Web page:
Sunday, July 10, 2011

Musicians and ego

Hello folks!
The Oxford EnglishDictionary defines the word ego as "self" or "self esteem". Indeed, every musicians needs some ego to survive. Too much ego, however, can create a lot of problems for us.
Today, I'm going to look at ego and our relationship with it.

I mentioned that we all need a certain amount of ego as musicians, especially when it's defined as self esteem. Musicians (especially improvising ones) put themselves in a place involving a lot of uncertainty when performing in a live situation. Think of all the variables that we don't have control over. The sound of the room, the listening and playing abilities of the people we're performing with, sometimes we're playing on instruments we haven't played before etc. We can practise, get to know the music we're performing really well and check out the sound of the room (in fact these are very good ways to feel more comfortable) but there will always be unknown factors. That's one of the great, eternal challenges of live performance. Our ego, our sense of self helps us make the leap of faith to know that whatever happens, the performance will occur. If we make a mistake (and there can be a lot of debate as to what a mistake is) our careers won't be over and the sun will rise the next day. In other words, our ego helps us put ourselves out there and be commited to our performance. In fact, I find the least successful improvisers are the ones who let their fear of failure keep them from playing confidently. If we play like we believe in ourselves, the audience will hear that belief, much more than specific notes or patterns.
One way to work on this belief and healthy use of ego (besides knowing music and your instrument as well as you can) is through affirmations. Affirmations can be thought of as ideas that are on their way to becoming true. You can work on saying these affirmations to yourself and, like anything you practise, you'll get better at it the more you do it. They can be any sort of positive message but I can give you 3 examples to get you started.

1. I (your name here) am a great musician.
2. You (your name here) are a great musician.
3. He/She (your name here) is a great musician.
You can write these to yourself, and also trying saying them, both out loud and in your mind.I like putting the affirmations in first, second, and third person becuase it's a way of receiving the message at a distance and sometimes works through the disbelief we feel when we first hear the message. This is an important point. Most people are so used to sending themselves negative messages (guilty as charged!) that they don't believe the affirmations at first. That's okay because our mind works in a funny way. Our mind will eventually believe what we tell it the most and steer ourselves in directions that will prove what we've told it. So, if I keep telling myself that I suck I will eventually believe it to be true and will probably look for ways of proving it. Any opinion about our abilities as musicians (including our own) are just that. Opinions, not facts. So why not work on the opinion that will benefit ourselves the most? Affirmations are free, can be used anywhere, and apart from maybe making us feel a little silly when we start, definitely won't hurt us. So give them a shot and you might be surprised at the result.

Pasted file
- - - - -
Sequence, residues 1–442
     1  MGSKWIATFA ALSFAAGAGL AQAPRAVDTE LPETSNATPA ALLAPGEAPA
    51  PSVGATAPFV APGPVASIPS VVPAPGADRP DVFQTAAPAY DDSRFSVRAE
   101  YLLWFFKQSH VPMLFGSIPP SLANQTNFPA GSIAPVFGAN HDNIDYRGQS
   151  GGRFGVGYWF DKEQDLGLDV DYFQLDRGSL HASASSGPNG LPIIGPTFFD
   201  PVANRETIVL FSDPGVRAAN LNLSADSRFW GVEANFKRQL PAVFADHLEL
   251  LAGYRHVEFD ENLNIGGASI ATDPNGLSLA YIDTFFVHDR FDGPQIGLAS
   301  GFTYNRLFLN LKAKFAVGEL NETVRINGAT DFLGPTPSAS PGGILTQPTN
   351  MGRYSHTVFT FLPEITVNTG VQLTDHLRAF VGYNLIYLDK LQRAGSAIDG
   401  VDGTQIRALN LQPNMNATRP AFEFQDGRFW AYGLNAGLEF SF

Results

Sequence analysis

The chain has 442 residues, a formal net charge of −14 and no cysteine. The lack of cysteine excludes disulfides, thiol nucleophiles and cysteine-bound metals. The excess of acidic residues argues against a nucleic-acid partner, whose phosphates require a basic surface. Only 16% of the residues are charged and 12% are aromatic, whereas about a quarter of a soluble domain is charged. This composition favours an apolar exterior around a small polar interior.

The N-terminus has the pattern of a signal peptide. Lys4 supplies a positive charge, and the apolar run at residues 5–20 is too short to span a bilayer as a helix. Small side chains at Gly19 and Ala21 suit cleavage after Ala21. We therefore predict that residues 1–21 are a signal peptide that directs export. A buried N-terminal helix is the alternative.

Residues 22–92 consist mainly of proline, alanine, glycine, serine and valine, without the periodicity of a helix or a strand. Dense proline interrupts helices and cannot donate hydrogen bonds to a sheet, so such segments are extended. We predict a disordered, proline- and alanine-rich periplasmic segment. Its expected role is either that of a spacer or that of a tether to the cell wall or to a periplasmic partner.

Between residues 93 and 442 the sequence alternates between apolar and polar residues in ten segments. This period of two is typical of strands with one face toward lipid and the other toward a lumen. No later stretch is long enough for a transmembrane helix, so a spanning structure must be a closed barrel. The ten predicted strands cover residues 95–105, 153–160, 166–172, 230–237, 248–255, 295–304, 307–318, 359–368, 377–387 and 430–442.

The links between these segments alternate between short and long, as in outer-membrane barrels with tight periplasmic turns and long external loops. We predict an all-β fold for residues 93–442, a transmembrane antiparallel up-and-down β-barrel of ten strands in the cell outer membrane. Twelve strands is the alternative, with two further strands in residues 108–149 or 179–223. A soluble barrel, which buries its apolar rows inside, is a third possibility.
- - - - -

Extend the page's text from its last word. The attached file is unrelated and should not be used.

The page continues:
So we've established that as musicians, we need a certain amount of ego. Not enough and we won't have the confidence to perform. Too much ego, however, and we'll have difficulty as well.
We need to be constantly honestly assessing our abilities if we want to improve. Some ways of doing this are:
1) Recording ourselves and listening in a critical but objective way. Listen to yourself and pretend it's someone else. What do you like and want to hear more of? What do you not like and want to hear less of? Don't get judgmental and negative about it. That's unhealthy ego stuff. Be honest and dispassionate about it and you'll improve your playing quickly.
2) Don't take criticism from other musicians personally. If they say they'd like a tune to have a feel like a famous drummer, try and incorporate some of that player's good qualities without getting defensive. If the other players are accomplished instrumentalists and decent human beings, they are trying to help you.
Anyway, throughtout our careers we will all run into the issues of too much or not enough ego. it's just another part of the long journey any musician goes through. As always, put everything you can into the music and go from there.
To conclude: Go and check out any Peter Donald, especially when he's playing drums with John Abercrombie's quartet (I'm writing this on my Mom's computer and can't seem to post any videos). You won't hear any negative ego stuff, just a lot of great music!

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